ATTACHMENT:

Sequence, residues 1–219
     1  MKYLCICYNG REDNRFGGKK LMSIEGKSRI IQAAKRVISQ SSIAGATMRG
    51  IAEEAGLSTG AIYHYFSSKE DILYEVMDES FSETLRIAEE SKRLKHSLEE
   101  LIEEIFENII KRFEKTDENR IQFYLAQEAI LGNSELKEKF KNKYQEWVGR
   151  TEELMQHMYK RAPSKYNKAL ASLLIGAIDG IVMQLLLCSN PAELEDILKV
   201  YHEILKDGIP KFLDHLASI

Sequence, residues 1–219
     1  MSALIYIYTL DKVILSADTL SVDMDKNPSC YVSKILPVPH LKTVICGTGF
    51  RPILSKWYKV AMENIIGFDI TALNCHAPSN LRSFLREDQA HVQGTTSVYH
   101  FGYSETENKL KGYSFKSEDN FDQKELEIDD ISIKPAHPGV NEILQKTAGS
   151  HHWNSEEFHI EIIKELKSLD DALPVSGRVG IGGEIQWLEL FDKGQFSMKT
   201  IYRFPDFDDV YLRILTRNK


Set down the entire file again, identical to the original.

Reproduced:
Sequence, residues 1–219
     1  MKYLCICYNG REDNRFGGKK LMSIEGKSRI IQAAKRVISQ SSIAGATMRG
    51  IAEEAGLSTG AIYHYFSSKE DILYEVMDES FSETLRIAEE SKRLKHSLEE
   101  LIEEIFENII KRFEKTDENR IQFYLAQEAI LGNSELKEKF KNKYQEWVGR
   151  TEELMQHMYK RAPSKYNKAL ASLLIGAIDG IVMQLLLCSN PAELEDILKV
   201  YHEILKDGIP KFLDHLASI

Sequence, residues 1–219
     1  MSALIYIYTL DKVILSADTL SVDMDKNPSC YVSKILPVPH LKTVICGTGF
    51  RPILSKWYKV AMENIIGFDI TALNCHAPSN LRSFLREDQA HVQGTTSVYH
   101  FGYSETENKL KGYSFKSEDN FDQKELEIDD ISIKPAHPGV NEILQKTAGS
   151  HHWNSEEFHI EIIKELKSLD DALPVSGRVG IGGEIQWLEL FDKGQFSMKT
   201  IYRFPDFDDV YLRILTRNK